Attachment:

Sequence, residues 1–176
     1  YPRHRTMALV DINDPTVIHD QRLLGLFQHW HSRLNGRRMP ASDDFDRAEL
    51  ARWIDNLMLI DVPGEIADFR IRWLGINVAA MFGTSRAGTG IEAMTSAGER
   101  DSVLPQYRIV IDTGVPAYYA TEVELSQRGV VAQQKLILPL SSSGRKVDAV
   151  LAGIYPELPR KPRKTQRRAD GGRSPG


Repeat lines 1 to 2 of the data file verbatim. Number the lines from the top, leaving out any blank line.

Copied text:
Sequence, residues 1–176
     1  YPRHRTMALV DINDPTVIHD QRLLGLFQHW HSRLNGRRMP ASDDFDRAEL